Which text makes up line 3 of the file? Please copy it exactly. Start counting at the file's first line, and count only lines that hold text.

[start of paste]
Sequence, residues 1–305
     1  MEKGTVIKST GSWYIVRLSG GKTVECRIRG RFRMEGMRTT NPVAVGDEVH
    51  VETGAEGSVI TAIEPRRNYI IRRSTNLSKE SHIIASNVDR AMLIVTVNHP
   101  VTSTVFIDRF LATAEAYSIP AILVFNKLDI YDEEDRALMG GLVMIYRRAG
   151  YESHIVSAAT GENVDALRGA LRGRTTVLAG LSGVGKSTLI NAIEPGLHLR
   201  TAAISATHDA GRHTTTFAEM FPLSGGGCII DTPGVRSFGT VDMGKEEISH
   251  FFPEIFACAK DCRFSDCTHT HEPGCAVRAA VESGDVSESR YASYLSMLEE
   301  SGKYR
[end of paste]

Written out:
    51  VETGAEGSVI TAIEPRRNYI IRRSTNLSKE SHIIASNVDR AMLIVTVNHP